When fishing in freshwater and distinguishing who is going after what, it’s easy to tell which anglers are going after Crappie and which are targeting Bluegill.
Crappie are found around structures. Whether it is submerged branches, trees, bridge pilings, docks, or any other structure, this is where you want to fish for Crappie. Along with structure, Crappie prefer deeper water than Bluegill, especially in the summer when water temperatures peak.
Bluegill are found along banks. Whether it is a grass bank or mud bank, Bluegill tend to stay tight to the edge of whichever body of water they are in. They are also found in more shallow water compared to Crappie. I catch most of my Bluegill in around 5′ of water.
Crappie Vs. Bluegill Feeding Times
Crappie and Bluegill also have different feeding times. Crappie tend to feed at dawn and dusk, so I usually plan my fishing trips when targeting Crappie.
Bluegill, however, can be found actively foraging most of the day. I have caught more Bluegill during the middle of the day compared to Crappie.
Crappie vs. Bluegill Taste
Both Crappie and Bluegill are considered good table fare among freshwater anglers.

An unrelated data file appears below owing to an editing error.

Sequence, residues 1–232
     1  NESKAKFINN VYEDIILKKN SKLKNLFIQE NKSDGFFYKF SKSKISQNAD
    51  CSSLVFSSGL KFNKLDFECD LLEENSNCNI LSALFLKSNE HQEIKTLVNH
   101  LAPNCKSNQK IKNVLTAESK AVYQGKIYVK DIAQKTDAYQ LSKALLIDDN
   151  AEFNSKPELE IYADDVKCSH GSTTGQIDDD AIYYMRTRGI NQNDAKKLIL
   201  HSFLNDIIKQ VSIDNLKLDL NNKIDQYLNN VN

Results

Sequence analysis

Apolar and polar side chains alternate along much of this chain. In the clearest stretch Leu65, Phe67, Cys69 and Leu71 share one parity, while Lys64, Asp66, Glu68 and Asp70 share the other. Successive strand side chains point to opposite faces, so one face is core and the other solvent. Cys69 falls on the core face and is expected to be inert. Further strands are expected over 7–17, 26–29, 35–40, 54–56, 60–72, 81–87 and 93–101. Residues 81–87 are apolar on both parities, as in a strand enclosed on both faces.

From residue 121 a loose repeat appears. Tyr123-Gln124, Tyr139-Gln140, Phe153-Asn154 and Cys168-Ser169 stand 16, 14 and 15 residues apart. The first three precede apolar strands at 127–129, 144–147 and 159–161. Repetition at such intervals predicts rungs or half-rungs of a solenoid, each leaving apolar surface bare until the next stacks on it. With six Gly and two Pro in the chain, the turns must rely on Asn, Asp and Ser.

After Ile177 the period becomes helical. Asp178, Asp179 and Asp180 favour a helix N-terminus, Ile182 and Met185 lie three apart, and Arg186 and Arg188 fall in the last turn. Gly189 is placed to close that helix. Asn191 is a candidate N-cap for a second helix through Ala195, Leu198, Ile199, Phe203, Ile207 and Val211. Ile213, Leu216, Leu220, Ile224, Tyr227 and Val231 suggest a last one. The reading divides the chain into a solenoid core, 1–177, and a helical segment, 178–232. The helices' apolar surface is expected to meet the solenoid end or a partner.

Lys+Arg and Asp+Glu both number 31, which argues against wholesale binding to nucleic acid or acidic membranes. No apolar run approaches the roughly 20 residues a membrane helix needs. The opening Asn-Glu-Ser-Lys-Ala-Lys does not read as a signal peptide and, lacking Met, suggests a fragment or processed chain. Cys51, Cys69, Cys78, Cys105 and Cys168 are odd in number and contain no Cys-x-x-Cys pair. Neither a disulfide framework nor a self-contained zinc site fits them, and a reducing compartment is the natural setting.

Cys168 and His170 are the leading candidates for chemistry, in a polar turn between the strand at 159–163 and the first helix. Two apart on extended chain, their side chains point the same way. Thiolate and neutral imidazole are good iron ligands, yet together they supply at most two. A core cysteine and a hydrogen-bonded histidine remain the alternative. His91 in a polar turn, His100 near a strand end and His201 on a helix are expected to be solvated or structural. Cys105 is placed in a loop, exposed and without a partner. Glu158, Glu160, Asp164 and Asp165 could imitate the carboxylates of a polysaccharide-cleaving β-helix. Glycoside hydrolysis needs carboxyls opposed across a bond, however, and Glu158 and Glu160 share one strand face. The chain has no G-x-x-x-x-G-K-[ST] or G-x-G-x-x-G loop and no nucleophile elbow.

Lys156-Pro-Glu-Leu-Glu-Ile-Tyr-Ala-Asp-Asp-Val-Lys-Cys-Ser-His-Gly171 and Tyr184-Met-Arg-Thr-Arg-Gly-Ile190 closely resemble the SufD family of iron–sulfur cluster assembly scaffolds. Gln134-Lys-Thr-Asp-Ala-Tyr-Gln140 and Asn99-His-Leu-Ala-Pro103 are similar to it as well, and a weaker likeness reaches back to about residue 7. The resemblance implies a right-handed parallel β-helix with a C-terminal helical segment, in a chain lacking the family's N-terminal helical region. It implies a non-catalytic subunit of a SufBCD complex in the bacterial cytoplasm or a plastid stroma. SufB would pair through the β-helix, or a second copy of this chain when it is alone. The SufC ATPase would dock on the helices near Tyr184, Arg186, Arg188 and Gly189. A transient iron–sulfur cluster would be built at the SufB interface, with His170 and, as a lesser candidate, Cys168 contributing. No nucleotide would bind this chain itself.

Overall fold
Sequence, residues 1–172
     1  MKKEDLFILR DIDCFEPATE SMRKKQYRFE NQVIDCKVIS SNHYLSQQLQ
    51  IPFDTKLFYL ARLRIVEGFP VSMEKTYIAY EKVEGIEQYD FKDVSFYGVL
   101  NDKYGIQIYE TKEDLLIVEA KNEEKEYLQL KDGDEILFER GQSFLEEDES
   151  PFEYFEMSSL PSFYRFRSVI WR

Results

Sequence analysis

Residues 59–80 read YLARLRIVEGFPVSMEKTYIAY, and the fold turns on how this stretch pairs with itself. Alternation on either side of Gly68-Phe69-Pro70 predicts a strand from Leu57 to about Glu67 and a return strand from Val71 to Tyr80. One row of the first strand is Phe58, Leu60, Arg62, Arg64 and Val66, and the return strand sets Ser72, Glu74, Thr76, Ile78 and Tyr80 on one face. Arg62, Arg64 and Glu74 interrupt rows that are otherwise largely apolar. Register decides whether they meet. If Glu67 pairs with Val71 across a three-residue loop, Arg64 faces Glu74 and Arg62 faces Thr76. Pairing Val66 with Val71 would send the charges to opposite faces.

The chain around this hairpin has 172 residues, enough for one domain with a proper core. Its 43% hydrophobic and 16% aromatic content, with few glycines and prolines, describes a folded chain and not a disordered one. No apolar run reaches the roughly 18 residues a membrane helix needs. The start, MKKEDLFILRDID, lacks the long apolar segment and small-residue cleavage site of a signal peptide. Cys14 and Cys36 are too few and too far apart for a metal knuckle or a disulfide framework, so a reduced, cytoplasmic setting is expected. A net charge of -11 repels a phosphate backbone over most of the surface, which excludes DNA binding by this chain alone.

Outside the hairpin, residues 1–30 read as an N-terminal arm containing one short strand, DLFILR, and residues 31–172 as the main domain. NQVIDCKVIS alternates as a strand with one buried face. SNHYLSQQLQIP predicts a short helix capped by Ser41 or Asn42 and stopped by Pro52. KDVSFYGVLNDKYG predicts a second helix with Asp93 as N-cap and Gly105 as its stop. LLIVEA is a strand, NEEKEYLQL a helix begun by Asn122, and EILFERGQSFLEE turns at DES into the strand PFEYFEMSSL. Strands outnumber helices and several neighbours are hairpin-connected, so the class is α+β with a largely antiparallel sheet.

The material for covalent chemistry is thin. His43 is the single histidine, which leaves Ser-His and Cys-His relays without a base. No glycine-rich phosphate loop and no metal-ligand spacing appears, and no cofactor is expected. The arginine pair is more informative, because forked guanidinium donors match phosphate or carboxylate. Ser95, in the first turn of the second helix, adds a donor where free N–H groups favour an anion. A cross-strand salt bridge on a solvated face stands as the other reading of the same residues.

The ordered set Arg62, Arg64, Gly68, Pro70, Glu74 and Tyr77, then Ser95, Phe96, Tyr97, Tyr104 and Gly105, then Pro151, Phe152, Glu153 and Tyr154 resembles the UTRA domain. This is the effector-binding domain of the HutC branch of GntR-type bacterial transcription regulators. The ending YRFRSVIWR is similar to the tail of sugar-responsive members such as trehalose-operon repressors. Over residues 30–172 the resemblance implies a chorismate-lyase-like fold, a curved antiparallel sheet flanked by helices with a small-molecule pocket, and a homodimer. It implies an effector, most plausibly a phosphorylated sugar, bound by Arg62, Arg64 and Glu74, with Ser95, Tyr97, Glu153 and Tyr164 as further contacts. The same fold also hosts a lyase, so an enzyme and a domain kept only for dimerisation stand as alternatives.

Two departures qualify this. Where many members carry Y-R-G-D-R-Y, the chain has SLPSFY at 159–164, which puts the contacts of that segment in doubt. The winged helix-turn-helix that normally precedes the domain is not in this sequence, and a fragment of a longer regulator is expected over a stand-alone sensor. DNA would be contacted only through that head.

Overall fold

I, along with most anglers, prefer Crappie over Bluegill. Not just because of the flavor but because Crappie have much more meat than Bluegill. That said, Bluegill, while a smaller fish, also tastes good. A great option if you catch one closer to 1 pound, which is as big as they will get.
Crappie is considered one of the best-tasting freshwater fish for a good reason. They are soft and flaky with an almost sweet kind of taste. Overall they don’t have a robust flavor which is why I add a good bit of Old Bay seasoning to my Crappie filets.
Check out this page here for more info on Crappie recipes and what they taste like.
If you can land a larger Bluegill, you can make a dinner out of it. Plus, Bluegill are generally easier to catch than Crappie so combining a fewer smaller fish is always an option to round out a meal.
Bluegill taste sweeter than Crappie, which calls for less seasoning, as it naturally has more flavor, which some people, including me, don’t prefer. For more of my thoughts on Bluegill’s taste and recipes that I have used, check out this page here.
Fishing Techniques for Crappie and Bluegill
While both fish live in the same bodies of water, the best techniques for catching them are different. I’ll share my thoughts on tactics I have used and other tips to consider when fishing for Crappie and Bluegill.